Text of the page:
Fish stock status

We regularly assess New Zealand fish stocks and compare them against 4 performance measures. Get the latest results on the status of our fish stocks.

How sustainable are our fish stocks?

The soft limit is an important performance measure as it can show potential sustainability issues.

We know the status of 160 stocks against the soft limit. Most of our fish stocks are in good shape (above the soft limit):

  • 82% or 131 stocks and sub-stocks
  • 94% of catch by weight.

Overfished stocks

29 stocks or sub-stocks are below the soft limit:

  • southern bluefin tuna, Pacific bluefin tuna, and striped marlin (highly migratory species that aren't always in our waters)
  • 3 stocks of black cardinalfish
  • 5 stocks or sub-stocks of bluenose
  • 3 stocks or sub-stocks of tarakihi
  • 2 stocks or sub-stocks of orange roughy
  • 2 stocks or sub-stocks of snapper
  • 2 stocks or sub-stocks of scallops
  • 2 stocks or sub-stocks of oysters
  • 1 stock or sub-stock each of hake, flatfish, John dory, rock lobster, pāua, pipi, and freshwater eels.

Rebuilding for sustainable stocks

We're managing these fisheries to rebuild them towards target levels, for example by:

  • reducing total allowable commercial catches of QMS stocks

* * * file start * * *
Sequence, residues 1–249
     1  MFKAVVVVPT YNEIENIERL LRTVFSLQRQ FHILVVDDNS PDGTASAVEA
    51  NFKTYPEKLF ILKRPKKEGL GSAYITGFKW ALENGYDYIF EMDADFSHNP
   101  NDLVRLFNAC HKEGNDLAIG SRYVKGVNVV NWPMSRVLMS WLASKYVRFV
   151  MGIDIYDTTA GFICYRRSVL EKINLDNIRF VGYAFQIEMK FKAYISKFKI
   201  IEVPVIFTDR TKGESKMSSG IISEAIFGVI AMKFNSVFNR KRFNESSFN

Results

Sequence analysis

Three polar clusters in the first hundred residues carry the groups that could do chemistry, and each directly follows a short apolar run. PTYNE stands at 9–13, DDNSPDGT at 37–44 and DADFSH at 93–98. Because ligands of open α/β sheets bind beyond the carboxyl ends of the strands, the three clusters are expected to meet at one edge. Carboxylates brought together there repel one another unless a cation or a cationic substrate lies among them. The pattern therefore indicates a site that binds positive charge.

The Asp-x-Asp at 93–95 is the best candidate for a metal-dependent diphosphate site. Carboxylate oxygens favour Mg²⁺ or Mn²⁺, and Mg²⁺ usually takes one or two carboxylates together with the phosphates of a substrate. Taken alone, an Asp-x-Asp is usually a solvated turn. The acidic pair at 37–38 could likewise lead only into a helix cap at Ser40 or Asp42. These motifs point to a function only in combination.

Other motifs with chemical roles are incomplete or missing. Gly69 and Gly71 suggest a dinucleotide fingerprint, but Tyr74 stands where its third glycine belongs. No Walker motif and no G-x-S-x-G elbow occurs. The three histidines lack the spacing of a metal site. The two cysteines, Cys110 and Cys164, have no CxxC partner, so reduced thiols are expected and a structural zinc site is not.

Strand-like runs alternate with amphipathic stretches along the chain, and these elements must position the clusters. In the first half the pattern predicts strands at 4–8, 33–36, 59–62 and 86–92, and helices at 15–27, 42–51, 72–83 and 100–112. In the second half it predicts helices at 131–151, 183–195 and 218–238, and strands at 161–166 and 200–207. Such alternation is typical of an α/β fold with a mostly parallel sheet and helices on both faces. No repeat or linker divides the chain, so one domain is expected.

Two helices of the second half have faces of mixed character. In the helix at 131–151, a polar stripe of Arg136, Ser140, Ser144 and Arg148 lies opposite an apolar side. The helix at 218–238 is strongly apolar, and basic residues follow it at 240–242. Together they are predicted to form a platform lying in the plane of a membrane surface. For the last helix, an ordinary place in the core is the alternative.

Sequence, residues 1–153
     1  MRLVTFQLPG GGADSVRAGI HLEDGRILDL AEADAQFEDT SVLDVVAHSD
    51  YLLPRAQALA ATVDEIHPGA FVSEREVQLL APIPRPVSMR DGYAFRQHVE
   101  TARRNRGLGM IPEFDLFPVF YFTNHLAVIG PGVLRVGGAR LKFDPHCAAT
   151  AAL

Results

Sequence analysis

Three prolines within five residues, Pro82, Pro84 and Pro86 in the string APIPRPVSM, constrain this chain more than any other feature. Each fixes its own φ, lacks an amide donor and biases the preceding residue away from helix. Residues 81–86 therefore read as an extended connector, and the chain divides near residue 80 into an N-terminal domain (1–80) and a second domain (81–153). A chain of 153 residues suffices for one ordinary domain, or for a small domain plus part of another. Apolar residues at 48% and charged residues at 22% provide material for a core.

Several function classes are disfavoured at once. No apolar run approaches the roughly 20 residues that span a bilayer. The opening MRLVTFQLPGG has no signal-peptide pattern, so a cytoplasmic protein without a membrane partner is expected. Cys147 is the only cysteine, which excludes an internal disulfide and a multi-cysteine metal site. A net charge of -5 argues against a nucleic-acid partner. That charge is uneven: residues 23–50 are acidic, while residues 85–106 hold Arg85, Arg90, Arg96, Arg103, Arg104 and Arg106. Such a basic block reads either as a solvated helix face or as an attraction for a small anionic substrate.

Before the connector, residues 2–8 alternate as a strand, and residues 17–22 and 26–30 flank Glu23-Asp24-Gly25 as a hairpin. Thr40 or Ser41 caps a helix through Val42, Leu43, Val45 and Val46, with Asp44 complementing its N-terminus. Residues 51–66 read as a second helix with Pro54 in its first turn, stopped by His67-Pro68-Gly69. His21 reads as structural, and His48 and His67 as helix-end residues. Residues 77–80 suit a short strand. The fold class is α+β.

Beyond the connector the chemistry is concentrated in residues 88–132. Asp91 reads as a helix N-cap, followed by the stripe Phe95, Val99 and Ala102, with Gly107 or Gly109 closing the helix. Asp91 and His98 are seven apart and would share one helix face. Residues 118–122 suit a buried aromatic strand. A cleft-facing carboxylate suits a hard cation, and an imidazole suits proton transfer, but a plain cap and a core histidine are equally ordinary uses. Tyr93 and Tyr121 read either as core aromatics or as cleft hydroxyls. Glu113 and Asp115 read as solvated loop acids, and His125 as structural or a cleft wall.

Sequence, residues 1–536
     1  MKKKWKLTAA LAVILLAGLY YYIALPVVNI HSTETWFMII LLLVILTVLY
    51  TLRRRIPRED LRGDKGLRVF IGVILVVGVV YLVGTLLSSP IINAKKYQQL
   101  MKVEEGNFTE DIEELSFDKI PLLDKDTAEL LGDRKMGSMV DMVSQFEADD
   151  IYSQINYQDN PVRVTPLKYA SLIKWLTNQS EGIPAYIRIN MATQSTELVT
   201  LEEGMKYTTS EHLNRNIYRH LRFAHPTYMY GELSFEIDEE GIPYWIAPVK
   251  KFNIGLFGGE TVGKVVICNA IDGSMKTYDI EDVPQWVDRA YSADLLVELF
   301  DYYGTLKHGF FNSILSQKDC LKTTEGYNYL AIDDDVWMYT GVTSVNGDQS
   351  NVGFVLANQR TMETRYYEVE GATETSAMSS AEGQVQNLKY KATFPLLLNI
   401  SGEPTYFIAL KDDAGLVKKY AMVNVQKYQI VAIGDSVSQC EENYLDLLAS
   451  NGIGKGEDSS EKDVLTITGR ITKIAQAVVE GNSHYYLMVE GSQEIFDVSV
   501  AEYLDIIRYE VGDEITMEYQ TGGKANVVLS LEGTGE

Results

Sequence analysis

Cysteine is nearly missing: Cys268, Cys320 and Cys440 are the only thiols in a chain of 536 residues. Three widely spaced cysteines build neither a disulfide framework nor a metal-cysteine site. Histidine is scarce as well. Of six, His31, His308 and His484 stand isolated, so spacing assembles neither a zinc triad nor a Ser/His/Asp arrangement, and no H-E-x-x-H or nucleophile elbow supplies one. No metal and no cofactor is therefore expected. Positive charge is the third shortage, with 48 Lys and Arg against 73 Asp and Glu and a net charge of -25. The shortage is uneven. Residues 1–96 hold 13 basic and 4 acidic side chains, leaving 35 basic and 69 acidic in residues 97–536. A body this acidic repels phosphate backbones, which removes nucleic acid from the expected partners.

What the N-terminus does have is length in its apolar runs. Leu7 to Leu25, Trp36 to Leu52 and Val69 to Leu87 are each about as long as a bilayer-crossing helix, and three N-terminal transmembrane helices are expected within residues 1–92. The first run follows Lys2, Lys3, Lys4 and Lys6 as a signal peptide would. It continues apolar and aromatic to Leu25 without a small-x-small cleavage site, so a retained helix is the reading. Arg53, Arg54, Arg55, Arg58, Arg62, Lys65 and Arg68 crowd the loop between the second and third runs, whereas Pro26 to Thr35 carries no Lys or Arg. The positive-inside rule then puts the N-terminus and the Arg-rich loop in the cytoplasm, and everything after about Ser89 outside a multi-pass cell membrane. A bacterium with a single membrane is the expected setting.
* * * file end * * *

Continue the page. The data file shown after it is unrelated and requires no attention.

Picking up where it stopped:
• supporting management of highly migratory species under international arrangements.

Rebuilding of New Zealand orange roughy stock

Fisheries New Zealand is serious about protecting New Zealand’s fisheries and ensuring there's a sustainable future for our fish stocks.

Research helps set catch limits

Orange roughy is a slow growing fish species that can live to be 120 years old.

We carry out research on orange roughy fish stocks regularly. It helps us make sure they're healthy and sustainable.

New technology allows scientists to more accurately estimate orange roughy populations. This research helps the Government set annual catch limits to ensure fishers don't catch too much. If the research shows that orange roughy numbers have grown, catch limits may be increased. If estimated fish numbers have decreased, then catch limits may be reduced.

Work to monitor and rebuild stocks

Since commercial fishing of orange roughy began in the late 1970s, catch limits have varied. After catches peaked in the 1980s, 3 orange roughy fisheries were closed. Catch limits for others were reduced. These changes allowed the number of fish to increase.

Since 2014, we've completed stock assessments on the 3 fisheries that closed, as well as updating the stock status for a number of other orange roughy stocks. They show that orange roughy populations have either fully rebuilt or are in the process of rebuilding. Catch limits have generally increased as a result. Fisheries scientists will keep monitoring the population status to ensure that catch limits are set at the right level.

Find out more

Catch and allowances for fish stocks

Management by stock levels

Fisheries New Zealand assesses and manages fish stocks using 4 performance measures: